Freeze!

LAPD headquarters could be saved by new lawsuit

Architecture Preservation West
Several housing and preservation organizations in Los Angeles have filed suit to stop the impending demolition of the city’s troubled Parker Center. Shown: proposed view of future Civic Center site with Parker Center replaced by an office tower. (Courtesy IBI Group)
Several housing and preservation organizations in Los Angeles have filed suit to stop the impending demolition of the city’s troubled Parker Center. Shown: proposed view of future Civic Center site with Parker Center replaced by an office tower. (Courtesy IBI Group)

Activists in Los Angeles have filed a lawsuit in a last-ditch effort to halt the pending demolition of the city’s defunct former police headquarters, Parker Center.

Representatives of the AIDS Healthcare Foundation (AHF), Healthy Housing Foundation, and the Coalition to Preserve LA held a press conference Wednesday morning announcing the new suit, the latest effort in a long-running battle to save the vacant, 300,000-square-foot, International Style complex.  The organizations have filed a suit to stop the building’s demolition and to compel the City of Los Angeles to instead convert the structure into a 700-bed temporary housing shelter.

The debate began last year as efforts to landmark the structure took off against a backdrop of fierce community opposition to saving the tower. The complex was considered for Historic-Cultural Landmark status but the Los Angeles City Council voted in favor of razing the structure instead, choosing to make space for a new office tower being planned in conjunction with a new masterplan for the surrounding Civic Center area.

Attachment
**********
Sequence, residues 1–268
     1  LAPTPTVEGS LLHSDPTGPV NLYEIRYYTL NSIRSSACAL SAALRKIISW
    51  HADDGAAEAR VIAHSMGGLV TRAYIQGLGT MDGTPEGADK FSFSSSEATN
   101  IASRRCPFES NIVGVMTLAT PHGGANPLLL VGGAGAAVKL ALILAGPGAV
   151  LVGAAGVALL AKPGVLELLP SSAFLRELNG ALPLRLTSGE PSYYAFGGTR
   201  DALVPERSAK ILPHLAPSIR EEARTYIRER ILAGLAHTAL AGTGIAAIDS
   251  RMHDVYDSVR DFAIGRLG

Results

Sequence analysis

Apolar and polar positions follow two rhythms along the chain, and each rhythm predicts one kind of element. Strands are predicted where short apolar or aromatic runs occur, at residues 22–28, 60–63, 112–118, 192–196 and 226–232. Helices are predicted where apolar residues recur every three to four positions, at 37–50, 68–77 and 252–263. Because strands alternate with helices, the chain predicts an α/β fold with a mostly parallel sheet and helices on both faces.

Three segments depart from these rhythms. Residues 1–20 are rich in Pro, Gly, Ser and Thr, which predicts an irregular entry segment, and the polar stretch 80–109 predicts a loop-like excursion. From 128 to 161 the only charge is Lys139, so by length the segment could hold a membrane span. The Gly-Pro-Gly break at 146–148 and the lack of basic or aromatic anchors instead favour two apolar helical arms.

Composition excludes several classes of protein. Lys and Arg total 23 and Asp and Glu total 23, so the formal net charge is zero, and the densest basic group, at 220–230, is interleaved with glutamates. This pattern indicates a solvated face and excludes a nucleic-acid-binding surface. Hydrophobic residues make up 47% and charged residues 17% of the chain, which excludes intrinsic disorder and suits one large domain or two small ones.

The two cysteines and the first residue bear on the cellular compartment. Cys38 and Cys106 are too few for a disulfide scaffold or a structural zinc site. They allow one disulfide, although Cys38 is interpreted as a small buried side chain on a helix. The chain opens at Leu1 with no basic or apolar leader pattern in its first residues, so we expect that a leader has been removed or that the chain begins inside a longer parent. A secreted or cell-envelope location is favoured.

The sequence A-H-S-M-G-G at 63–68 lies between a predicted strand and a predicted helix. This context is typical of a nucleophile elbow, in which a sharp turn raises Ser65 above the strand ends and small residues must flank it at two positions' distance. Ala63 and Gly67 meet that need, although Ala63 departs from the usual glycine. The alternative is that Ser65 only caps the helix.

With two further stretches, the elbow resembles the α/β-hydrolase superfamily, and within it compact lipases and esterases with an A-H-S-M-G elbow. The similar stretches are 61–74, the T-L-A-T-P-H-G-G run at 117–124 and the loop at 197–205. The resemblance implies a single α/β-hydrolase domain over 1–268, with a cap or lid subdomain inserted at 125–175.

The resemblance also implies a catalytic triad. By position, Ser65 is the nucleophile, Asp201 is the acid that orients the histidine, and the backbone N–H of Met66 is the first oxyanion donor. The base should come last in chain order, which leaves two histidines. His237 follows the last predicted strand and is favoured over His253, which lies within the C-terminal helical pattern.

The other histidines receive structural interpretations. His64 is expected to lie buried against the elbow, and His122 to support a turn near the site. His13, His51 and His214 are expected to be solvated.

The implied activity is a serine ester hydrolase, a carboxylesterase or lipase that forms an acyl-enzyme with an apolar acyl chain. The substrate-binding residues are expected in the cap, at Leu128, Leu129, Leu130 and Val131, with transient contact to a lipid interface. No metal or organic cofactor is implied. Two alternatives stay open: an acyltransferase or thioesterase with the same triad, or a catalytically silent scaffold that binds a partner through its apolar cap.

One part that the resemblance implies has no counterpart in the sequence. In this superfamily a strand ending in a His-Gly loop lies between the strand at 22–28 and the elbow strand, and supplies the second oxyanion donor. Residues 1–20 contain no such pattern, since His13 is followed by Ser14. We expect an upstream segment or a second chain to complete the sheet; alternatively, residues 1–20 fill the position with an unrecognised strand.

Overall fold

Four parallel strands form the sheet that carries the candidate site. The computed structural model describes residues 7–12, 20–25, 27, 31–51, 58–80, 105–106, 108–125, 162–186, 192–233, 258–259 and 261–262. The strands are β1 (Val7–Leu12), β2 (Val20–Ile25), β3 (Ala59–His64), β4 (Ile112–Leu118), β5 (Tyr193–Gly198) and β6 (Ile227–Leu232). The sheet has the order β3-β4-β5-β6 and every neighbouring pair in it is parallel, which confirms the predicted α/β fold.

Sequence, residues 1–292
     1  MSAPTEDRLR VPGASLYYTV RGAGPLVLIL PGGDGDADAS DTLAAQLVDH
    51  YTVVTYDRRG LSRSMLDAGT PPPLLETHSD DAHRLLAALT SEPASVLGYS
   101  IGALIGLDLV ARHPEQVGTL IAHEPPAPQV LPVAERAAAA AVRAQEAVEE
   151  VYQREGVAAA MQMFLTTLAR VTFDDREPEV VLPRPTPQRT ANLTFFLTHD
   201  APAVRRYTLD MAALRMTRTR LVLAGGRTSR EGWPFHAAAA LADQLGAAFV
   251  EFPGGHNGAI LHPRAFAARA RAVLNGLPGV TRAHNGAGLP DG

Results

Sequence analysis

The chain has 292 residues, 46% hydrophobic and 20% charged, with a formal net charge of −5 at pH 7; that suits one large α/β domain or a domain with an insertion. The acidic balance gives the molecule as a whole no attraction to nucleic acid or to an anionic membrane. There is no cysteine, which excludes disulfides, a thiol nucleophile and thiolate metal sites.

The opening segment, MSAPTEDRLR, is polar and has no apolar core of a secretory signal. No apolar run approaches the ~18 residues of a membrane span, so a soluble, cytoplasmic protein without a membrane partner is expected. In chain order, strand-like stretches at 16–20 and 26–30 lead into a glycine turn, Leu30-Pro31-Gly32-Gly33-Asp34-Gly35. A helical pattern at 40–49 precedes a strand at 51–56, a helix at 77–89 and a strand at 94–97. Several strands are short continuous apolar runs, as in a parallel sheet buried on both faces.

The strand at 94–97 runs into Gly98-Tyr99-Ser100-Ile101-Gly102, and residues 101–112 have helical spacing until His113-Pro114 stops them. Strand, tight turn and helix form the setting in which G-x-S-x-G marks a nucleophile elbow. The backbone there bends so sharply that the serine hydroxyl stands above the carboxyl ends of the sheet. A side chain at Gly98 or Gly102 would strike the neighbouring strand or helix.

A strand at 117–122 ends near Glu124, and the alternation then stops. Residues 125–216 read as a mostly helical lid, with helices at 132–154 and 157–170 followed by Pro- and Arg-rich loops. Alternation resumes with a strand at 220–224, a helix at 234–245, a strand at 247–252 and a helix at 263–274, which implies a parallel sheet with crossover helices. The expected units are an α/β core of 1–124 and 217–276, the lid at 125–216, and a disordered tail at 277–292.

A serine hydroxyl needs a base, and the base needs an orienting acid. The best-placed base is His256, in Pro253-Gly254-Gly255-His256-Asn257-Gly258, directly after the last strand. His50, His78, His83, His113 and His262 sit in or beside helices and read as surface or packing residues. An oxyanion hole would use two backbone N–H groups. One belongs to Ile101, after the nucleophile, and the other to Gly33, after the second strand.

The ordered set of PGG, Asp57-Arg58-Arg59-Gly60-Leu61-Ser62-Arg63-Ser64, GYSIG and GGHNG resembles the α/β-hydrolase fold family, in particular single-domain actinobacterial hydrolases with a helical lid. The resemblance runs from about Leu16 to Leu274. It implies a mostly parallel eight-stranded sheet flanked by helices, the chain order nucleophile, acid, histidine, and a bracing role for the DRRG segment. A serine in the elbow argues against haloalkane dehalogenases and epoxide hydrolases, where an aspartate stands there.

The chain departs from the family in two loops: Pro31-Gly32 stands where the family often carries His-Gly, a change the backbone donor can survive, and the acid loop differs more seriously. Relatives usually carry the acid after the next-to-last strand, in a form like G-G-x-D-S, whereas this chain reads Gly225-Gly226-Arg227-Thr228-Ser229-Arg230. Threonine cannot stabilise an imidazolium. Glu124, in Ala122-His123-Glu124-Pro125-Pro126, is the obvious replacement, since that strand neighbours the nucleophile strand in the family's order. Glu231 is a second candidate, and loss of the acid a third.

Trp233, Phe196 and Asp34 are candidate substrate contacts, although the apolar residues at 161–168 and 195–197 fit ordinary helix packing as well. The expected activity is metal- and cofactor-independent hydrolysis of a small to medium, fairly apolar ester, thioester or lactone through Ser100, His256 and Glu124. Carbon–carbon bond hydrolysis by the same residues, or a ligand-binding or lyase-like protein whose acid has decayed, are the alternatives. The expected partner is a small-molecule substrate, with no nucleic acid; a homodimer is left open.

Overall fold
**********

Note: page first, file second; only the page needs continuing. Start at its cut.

Photo of Parker Center

The controversial Parker Center is scheduled to be demolished August 20. (Courtesy Skyfox11/Wikimedia)

The Parker Center complex was designed by architecture firm Welton Becket & Associates in 1955 as a state-of-the-art headquarters for the Los Angeles Police Department and was used as a backdrop in the television series Dragnet, a police procedural drama from the 1950s focused on the intricacies of police detective work. 

The organizations filing suit allege that the City has misrepresented the costs associated with converting the building into a shelter relative to its demolition costs. Further, the group accuses the City of using gassed up figures in its feasibility determination. The City of L.A.’s estimates put the shelter conversion at over $295 million, while an estimate commissioned by AHF indicates that a conversion would cost roughly $102 million. 

In a statement announcing the lawsuit, Michael Weinstein, President of AHF sad, “City officials are padding their estimate to rehab and repurpose Parker Center as housing because they are bound and determined to tear it down.” Weinstein added, “It is a horrible waste of public funds and shows a lack of interest in the cost-effective use of existing resources at a time when the crisis of homelessness in Los Angeles rages on largely unabated.”

Rendering of plan to replace LAPD headquarters

View of Phase 4 of the Civic Center master plan update showing the Parker Center’s replacement structure on the left. (Courtesy of City of Los Angeles)

The replacement 27-story “luxury office tower” being proposed would cost at least $900 million to build, making it the most expensive municipal office building in the country if constructed. 

The question of whether to save Parker Center has exposed old, unhealed wounds among several local constituencies, especially for the residents of the surrounding Little Tokyo neighborhood, some of whom saw their properties and businesses taken by force when officials were originally planning and consolidating the Civic Center district in the 1950s. Members of L.A.’s African American and Latino communities detest the building, as well, and see its existence as an extension of the city’s traumatic legacy of racist policing tactics. 

A judge has yet to hear the case, but current plans called for demolition on the tower to begin as early as August 20. It is unclear if that timeline is still on track.

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